TABLE VI______________________________________New overlap List (OL)I5 B T C______________________________________ 1 71 0 2 2 71.4 1 3 3 72.4 1 4 4 72.8 1 5 5 73.5 1 6 6 74.1 -1 5 7 77 1 6 8 77.7 -1 5 9 78.2 0 510 78.4 1 611 80.4 -1 512 80.5 1 613 82.1 -1 514 83.1 1 615 83.9 -1 516 88.2 1 617 88.7 -1 518 89.1 -1 419 90.5 1 520 94.1 -1 421 95.4 -1 322 95.8 -1 223 96.5 -1 124 99 0 125 99.4 -1 0______________________________________
11. Branch back to Step 110 to locate the next bin slicing position. The next bin slicing position is located using the OL and the procedure of Step 110. This step is illustrated in Table VII.
TABLE VII______________________________________Sort for minimum overlap count closest to bin-- maxI6 B T C______________________________________ 8 77.7 -1 5 B-- min 9 78.2 0 510 78.4 1 611 80.4 -1 512 8O.5 1 613 82.1 -1 514 83.1 1 615 83.9 -1 516 88.2 1 6 B-- max 8 77.7 -1 5 B-- min 9 78.2 0 511 80.4 -1 513 82.1 -1 515 83.9 -1 5 The Winner10 78.4 1 612 80.5 1 614 83.1 1 616 88.2 1 6 B-- max(83.9 + 88.2)/2 = 86Slicing position value______________________________________
12. Create Remaining Bins. The remaining bins are determined using the procedures of Step 116, and are shown in Table VIII.
TABLE VIII______________________________________2nd & Final Bins in Lower Sorted List (LSL)I7 L U I______________________________________1 1.2 6.1 142 2.1 88.7 153 3.8 24 204 12.2 46 85 23.2 30.4 36 45.1 64.4 27 58.9 70.5 128 69.5 83.9 101 71 88.7 152 71 83.9 103 71.4 99 14 72.4 94.1 45 72.8 80.4 136 73.5 74.1 167 77 77.7 118 78.2 78.2 69 78.4 89.1 1810 80.5 82.1 711 83.1 96.5 51 86 88.7 152 86 89.1 183 86 94.1 44 86 96.5 55 86 99 16 88.2 95.4 197 90.5 95.8 98 99 99.4 17______________________________________
13. Generate the binary bin tree (Step 124). Generate a balanced binary tree of bins using the bin head node slicing point value such that a left branch leads to a bin with a slicing point value less than or equal to the test value, and a right branch leads to a bin with a slicing point value greater than the test value. An exemplary binary bin tree is shown in FIG. 8.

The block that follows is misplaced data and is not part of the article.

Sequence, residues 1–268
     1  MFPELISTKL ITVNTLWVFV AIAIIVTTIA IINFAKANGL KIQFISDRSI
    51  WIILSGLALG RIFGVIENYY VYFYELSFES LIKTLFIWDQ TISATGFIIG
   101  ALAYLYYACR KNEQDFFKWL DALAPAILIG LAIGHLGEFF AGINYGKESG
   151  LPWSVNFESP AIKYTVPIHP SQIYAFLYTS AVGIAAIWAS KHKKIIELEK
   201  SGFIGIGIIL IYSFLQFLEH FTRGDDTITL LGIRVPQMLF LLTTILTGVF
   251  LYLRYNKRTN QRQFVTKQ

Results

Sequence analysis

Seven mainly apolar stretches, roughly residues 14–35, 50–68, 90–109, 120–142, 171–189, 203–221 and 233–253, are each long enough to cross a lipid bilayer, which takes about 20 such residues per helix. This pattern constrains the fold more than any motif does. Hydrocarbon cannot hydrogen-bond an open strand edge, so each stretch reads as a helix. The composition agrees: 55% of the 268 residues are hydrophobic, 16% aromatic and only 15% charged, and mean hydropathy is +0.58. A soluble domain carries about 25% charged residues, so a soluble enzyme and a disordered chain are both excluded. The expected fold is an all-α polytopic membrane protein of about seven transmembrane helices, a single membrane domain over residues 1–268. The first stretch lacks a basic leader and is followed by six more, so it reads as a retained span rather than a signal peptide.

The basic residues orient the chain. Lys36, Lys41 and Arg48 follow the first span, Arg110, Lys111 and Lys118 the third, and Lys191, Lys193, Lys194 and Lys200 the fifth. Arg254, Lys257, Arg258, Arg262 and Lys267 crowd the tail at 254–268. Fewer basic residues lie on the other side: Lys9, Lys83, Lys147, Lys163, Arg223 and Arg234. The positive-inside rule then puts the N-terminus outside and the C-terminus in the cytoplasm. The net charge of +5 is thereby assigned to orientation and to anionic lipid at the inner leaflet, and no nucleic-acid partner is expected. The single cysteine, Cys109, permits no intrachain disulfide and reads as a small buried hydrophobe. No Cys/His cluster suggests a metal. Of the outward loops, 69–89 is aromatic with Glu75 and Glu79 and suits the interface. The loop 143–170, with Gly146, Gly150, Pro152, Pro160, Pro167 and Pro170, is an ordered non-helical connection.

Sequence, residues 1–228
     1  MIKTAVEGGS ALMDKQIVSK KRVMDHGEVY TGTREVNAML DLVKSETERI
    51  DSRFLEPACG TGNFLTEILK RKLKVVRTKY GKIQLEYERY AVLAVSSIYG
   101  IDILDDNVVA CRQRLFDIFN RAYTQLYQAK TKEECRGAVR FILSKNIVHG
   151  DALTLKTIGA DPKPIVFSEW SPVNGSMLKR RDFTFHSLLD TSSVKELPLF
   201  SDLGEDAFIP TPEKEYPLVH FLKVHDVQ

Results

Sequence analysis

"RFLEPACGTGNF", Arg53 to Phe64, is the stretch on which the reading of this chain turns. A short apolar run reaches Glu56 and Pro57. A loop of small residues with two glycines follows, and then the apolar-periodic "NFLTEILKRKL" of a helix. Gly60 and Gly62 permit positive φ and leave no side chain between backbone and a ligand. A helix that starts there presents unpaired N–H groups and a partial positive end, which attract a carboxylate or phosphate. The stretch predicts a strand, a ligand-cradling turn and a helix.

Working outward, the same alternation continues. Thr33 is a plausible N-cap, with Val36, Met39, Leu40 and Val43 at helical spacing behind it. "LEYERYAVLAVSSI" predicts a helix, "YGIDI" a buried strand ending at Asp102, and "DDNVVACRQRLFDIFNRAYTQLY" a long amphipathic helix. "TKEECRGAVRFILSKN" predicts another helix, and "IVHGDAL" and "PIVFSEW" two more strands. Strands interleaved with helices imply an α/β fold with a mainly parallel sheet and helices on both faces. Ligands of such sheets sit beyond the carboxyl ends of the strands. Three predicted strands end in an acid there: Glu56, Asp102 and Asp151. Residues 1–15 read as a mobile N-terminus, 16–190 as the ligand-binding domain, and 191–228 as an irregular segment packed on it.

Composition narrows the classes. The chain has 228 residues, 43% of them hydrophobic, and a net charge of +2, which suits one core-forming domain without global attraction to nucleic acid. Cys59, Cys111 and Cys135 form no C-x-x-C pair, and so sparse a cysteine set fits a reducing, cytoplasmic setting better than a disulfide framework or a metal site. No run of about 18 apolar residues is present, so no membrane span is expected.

14. Save the binary bin tree (Step 126). Save the binary bin tree to disk as the organized database 62 for the first parameter and discard all structures except for the original unorganized database.
15. Repeat Steps 106 through 126 for each additional parameter. This step results in the generation of another binary bin tree for each additional parameter in the DB and each tree is saved for use during operation.
During operation using the organized database, e.g. during operation of the system of FIG. 3, all binary bin trees, or arrays facilitating binary bin search, are loaded into the system memory from disk. As parameters are measured, the binary bin trees are employed to rapidly provide the ID ambiguity set. For the example tree of FIG. 8, a measured parameter value from, e.g., the parameter measurement function 56 of FIG. 3, is compared to the value (86) of the tree starting head node, and if larger than or equal to this value, a serial search is made of the bins in the upper super-bin using the interval bounds stored in each bin. These bins are represented by the bin ID #s of Table VIII. These bin ID #s correspond to the record indices of the original unorganized DB, from which the object ID code (column E) can be obtained.
Referring to FIG. 8, if the measured parameter value is less than 86, then the next comparison is made to the value (71) of the lower head node separating the first two super-bins. If greater than or equal to 71, then a serial search is made of the bins stored in the middle super-bin. If less than 71, a search is made of the bins in the first super-bin.
It is understood that the above-described embodiments are merely illustrative of the possible specific embodiments which may represent principles of the present invention. Other arrangements may readily be devised in accordance with these principles by those skilled in the art without departing from the scope and spirit of the invention.
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|U.S. Classification||1/1, 707/999.102|
|Cooperative Classification||Y10S707/99943, G06F17/30607|